Cover image for Egg & spoon
Egg & spoon
Maguire, Gregory, author.
Personal Author:
First edition.
Publication Information:
Somerville, Massachusetts : Candlewick Press, 2014.
Physical Description:
475 pages ; 23 cm
In 1905 czarist Russia, an impoverished country girl Elena and the aristocratic Ekatrina meet and set in motion an escapade that includes mistaken identity, a monk locked in a tower, a prince traveling incognito, and the witch Baba Yaga.
Reading Level:
700 Lexile.
Program Information:
Accelerated Reader AR MG+ 5.6 17.0 168143.
Format :


Call Number
Material Type
Home Location
Central Library Y FICTION Young Adult Fiction Popular Materials-Young Adult
Audubon Library Y FICTION Young Adult Fiction Young Adult
Clarence Library Y FICTION Young Adult Fiction Young Adult
Crane Branch Library Y FICTION Young Adult Fiction Young Adult
Dudley Branch Library Y FICTION Young Adult Fiction Young Adult
Eggertsville-Snyder Library Y FICTION Young Adult Fiction Young Adult
Hamburg Library Y FICTION Young Adult Fiction Open Shelf
Orchard Park Library Y FICTION Young Adult Fiction Young Adult
Julia Boyer Reinstein Library Y FICTION Young Adult Fiction Young Adult

On Order



In this tour de force, master storyteller Gregory Maguire offers a dazzling novel for fantasy lovers of all ages.

Elena Rudina lives in the impoverished Russian countryside. Her father has been dead for years. One of her brothers has been conscripted into the Tsar's army, the other taken as a servant in the house of the local landowner. Her mother is dying, slowly, in their tiny cabin. And there is no food. But then a train arrives in the village, a train carrying untold wealth, a cornucopia of food, and a noble family destined to visit the Tsar in Saint Petersburg -- a family that includes Ekaterina, a girl of Elena's age. When the two girls' lives collide, an adventure is set in motion, an escapade that includes mistaken identity, a monk locked in a tower, a prince traveling incognito, and -- in a starring role only Gregory Maguire could have conjured -- Baba Yaga, witch of Russian folklore, in her ambulatory house perched on chicken legs.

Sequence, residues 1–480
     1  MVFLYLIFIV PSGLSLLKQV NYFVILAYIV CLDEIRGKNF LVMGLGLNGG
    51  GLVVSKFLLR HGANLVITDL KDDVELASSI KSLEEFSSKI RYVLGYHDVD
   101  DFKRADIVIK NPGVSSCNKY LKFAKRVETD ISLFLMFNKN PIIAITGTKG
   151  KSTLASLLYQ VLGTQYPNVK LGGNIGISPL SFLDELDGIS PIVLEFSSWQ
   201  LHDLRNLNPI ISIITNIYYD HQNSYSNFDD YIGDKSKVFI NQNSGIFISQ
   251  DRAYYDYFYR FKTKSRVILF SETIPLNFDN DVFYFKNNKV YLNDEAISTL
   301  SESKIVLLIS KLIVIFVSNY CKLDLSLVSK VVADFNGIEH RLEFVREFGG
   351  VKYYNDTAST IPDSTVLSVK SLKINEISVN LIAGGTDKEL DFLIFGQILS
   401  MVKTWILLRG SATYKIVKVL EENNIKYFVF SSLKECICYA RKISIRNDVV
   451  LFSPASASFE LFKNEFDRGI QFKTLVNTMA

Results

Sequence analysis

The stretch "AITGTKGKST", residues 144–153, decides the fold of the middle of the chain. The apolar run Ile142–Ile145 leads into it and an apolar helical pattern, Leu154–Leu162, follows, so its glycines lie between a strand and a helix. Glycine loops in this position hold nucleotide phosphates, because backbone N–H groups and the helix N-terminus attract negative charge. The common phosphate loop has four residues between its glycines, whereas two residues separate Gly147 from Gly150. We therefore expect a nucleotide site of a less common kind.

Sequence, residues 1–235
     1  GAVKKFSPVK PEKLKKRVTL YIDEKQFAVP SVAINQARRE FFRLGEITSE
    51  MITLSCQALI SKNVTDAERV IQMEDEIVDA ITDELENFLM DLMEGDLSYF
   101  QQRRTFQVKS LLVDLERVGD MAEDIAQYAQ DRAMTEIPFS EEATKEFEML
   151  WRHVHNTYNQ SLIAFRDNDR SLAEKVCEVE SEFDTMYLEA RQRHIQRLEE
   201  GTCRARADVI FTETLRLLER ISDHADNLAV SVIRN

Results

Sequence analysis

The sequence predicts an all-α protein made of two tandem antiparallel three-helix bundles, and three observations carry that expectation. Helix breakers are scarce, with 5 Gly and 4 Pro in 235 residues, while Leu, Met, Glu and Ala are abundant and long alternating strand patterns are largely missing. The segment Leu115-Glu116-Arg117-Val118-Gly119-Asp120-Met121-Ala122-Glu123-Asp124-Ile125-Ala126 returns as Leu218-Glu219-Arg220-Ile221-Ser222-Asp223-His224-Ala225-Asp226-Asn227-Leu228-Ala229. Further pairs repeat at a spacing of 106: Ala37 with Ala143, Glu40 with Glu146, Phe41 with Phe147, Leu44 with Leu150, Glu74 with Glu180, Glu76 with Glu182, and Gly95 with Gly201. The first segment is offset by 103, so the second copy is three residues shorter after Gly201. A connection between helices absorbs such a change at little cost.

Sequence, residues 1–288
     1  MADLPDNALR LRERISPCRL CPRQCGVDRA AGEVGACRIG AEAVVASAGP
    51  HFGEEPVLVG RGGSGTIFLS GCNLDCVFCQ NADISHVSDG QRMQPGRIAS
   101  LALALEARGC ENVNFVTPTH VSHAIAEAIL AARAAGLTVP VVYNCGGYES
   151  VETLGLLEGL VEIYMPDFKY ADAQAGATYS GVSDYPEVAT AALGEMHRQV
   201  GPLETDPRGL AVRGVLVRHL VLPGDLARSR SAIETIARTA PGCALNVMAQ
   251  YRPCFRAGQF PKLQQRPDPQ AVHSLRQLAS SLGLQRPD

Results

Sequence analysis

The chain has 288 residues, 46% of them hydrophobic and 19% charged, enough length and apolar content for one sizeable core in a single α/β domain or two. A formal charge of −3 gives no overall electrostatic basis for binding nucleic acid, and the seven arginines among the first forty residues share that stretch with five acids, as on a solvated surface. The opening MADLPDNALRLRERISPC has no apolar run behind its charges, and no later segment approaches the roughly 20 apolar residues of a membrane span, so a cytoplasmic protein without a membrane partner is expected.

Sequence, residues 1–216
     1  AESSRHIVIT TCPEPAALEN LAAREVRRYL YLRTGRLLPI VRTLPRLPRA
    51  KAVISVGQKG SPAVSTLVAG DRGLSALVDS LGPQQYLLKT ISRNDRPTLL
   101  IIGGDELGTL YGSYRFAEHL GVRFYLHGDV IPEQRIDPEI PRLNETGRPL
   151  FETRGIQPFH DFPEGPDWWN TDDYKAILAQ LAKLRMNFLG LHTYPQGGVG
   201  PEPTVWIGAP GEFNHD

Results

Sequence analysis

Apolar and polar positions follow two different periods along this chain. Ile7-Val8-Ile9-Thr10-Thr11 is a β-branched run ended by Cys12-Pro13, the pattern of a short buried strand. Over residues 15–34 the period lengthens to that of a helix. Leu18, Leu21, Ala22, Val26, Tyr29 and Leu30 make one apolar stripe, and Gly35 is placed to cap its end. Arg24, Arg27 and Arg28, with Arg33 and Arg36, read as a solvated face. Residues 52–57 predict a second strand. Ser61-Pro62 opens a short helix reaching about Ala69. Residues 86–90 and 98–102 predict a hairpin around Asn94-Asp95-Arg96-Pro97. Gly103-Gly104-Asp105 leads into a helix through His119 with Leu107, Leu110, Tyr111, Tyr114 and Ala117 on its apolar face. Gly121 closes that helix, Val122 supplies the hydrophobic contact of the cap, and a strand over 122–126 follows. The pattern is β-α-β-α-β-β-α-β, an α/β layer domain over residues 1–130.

Author Notes

Gregory Maguire was born June 9, 1954 in Albany, New York. He received a B.A. from the State University of New York at Albany and a Ph.D. in English and American literature from Tufts University. He is a founder and co-director of Children's Literature New England, Incorporated, a non-profit educational charity established in 1987.

He writes for both adults and children. His first book, The Lighting Time, was published in 1978. His adult works include Wicked, Confessions of and Ugly Stepsister, Lost, Mirror Mirror, Son of a Witch, and A Lion Among Men. The Broadway play Wicked is based on his book of the same title. His children's books include the picture book Crabby Cratchitt, the novel The Good Liar, and the Hamlet Chronicles series.

(Bowker Author Biography)

Reviews 3

Booklist Review